Charlotte: student nurse, Children’s Hospice at Home
Despite the well-documented challenges they face, the hard work, dedication and resilience of today’s nurses is still inspiring people to join the profession. One such aspiring nurse is Charlotte, who completed a placement with Rennie Grove Hospice Care’s Children’s Hospice at Home team during her third year at university. Here she reflects on her experience and how it has changed her view on hospice care. Charlotte says:
“In my third year I was allocated a placement with Rennie Grove’s Children’s Hospice at Home team. At first I was apprehensive about what it would be like and how I would find the experience. I now realise that, like many people, I had a lot of misconceptions about hospice care. I thought it would be all about death and dying but I now have a much better understanding of what hospice care is and I have absolutely loved the placement.
“I have completely changed my outlook on hospice care. Through this placement I have been able to see that it is not just about the end of someone’s life, it’s about living life well with the diagnosis you have.
I have completely changed my outlook on hospice care. Through this placement I have been able to see that it is not just about the end of someone’s life, it’s about living life well with the diagnosis you have.
“Rennie Grove’s children’s team is made up of nurses, healthcare assistants and play specialists who can provide family-friendly specialist care right from the point of diagnosis. The team is community-based, offering nursing care and play sessions in the home, as well as supporting parents with a listening ear, some professional advice or even some respite from their caring role.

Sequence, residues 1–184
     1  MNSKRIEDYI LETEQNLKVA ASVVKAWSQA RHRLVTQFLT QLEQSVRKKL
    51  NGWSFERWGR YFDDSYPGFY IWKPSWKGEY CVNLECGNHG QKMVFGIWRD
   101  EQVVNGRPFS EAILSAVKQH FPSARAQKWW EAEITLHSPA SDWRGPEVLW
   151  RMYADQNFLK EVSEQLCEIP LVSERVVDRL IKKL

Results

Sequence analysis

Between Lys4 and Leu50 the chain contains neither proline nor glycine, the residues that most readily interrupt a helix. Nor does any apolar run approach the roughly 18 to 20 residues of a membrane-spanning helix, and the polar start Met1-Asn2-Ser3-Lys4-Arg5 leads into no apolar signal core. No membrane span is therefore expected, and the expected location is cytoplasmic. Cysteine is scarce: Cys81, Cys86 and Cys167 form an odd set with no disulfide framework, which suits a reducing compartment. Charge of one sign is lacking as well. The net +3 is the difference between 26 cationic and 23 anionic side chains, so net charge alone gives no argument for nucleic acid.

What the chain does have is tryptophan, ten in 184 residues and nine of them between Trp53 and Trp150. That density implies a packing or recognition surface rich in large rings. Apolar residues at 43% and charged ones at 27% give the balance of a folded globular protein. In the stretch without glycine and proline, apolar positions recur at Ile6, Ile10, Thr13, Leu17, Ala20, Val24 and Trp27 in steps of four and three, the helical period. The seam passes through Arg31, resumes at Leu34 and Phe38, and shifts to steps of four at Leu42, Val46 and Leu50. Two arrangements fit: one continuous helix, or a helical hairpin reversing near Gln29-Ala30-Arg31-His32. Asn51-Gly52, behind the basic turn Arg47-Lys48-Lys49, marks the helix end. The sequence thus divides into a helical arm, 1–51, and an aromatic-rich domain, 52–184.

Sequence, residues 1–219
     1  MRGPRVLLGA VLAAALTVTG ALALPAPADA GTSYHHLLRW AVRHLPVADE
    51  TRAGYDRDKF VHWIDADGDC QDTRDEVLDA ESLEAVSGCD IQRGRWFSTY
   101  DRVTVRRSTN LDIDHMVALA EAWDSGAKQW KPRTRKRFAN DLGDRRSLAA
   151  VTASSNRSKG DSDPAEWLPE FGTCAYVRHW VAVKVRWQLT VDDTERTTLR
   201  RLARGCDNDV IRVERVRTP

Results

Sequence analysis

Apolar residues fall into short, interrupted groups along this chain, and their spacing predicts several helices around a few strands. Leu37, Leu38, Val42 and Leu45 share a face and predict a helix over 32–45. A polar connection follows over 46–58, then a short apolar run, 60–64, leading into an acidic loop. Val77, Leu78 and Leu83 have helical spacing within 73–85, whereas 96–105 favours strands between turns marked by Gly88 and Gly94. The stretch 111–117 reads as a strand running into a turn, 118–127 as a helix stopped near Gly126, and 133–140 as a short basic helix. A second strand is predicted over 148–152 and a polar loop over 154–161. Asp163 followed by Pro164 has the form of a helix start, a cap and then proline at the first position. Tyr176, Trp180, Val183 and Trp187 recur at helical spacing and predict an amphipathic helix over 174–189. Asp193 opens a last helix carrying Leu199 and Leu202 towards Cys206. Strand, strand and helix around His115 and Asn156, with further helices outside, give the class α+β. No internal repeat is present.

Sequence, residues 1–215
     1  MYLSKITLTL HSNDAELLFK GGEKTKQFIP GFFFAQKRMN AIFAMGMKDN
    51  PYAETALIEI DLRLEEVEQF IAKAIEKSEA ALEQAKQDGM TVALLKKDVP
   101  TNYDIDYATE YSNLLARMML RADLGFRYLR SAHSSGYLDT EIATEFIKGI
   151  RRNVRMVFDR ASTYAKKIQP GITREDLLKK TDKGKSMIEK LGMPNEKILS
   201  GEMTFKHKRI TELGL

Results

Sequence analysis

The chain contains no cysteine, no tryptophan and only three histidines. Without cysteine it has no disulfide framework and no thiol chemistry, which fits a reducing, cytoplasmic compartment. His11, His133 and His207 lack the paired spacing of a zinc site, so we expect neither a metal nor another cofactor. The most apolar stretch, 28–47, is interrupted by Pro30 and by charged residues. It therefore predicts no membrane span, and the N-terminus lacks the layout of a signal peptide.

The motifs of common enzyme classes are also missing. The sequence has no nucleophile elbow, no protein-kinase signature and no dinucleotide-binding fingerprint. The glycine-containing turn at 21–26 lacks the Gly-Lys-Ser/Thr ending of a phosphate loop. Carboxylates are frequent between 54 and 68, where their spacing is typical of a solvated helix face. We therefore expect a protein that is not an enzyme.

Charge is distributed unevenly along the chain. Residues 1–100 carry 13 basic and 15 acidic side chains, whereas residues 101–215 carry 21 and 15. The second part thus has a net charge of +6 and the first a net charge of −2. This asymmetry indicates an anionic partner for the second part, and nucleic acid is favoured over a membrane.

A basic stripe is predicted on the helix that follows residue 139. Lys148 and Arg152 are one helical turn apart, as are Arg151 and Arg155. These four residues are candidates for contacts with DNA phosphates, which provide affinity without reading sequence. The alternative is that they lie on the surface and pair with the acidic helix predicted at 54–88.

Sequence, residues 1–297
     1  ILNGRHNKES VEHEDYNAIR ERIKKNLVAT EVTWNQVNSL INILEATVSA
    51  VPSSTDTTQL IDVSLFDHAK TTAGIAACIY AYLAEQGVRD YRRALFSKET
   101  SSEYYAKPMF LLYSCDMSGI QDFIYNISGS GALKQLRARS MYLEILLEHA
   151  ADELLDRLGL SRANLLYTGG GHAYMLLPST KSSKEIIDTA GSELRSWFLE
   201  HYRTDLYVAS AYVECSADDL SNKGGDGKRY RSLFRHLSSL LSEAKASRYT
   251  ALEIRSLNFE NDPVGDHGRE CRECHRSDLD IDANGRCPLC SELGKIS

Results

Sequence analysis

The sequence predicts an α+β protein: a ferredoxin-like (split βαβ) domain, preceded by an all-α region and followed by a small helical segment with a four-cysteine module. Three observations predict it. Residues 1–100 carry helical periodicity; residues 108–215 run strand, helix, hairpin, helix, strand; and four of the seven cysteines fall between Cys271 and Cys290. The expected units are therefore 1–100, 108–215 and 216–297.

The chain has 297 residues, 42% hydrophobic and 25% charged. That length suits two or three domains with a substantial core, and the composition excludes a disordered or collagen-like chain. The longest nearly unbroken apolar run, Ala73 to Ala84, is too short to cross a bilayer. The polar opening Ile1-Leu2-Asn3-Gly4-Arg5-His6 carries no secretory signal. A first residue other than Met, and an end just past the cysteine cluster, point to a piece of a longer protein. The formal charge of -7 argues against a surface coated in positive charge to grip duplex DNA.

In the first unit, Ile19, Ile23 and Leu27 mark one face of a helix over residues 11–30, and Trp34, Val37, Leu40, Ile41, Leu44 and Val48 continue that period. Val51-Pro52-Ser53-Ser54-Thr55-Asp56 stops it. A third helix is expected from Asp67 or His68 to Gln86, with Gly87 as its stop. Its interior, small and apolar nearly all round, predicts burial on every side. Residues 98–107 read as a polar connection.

“Although I’ve worked alongside play specialists before, this is the first time I’ve really shadowed them and understood their work. It has been great for me to see the breadth of what they offer to patients and families, and the impact it can have.
“I have learned so much from the nurses in the team. Just seeing how they interact with patients and families has given me such good insight as well as opportunities to learn and shape my practice.
“As well as my colleagues, I have learned so much from the families we are supporting. Taking the time to speak to them and hear their experience has been an important learning process for me. It’s also very powerful to see parents of children with a life-limiting illness who know so much about their own child’s condition and care that I can learn from them.”
It’s also very powerful to see parents of children with a life-limiting illness who know so much about their own child’s condition and care that I can learn from them.”
When asked about how she came to train as a nurse, Charlotte said:
“It’s something I’ve always wanted to do. I have just always wanted to help people and do a job that gives back. I also like the thought of a career that involves constantly learning new things, and in which every day is different.
“Growing up, my mum worked as a childminder. I was used to being around lots of children and seeing her work gave me an interest in working with children. For me, children’s nursing was the perfect way to combine these interests.”
Reflecting on her career plans and aspirations, Charlotte said:
“I’m coming towards the end of my studies and starting to think about the type of role I’d like to secure, to start my career. Before I started my placement with Rennie Grove I would never have even considered a role in hospice care – purely because it wasn’t on my radar. I would now seriously consider children’s hospice care for a role in the future. I have discovered so much about what hospice care is, and learned so much from the amazing team at Rennie Grove – this is an experience that will really stick with me.”
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Children’s Hospice at Home
Our Children’s Hospice at Home team support children aged 0-18 who have a life-limiting illness.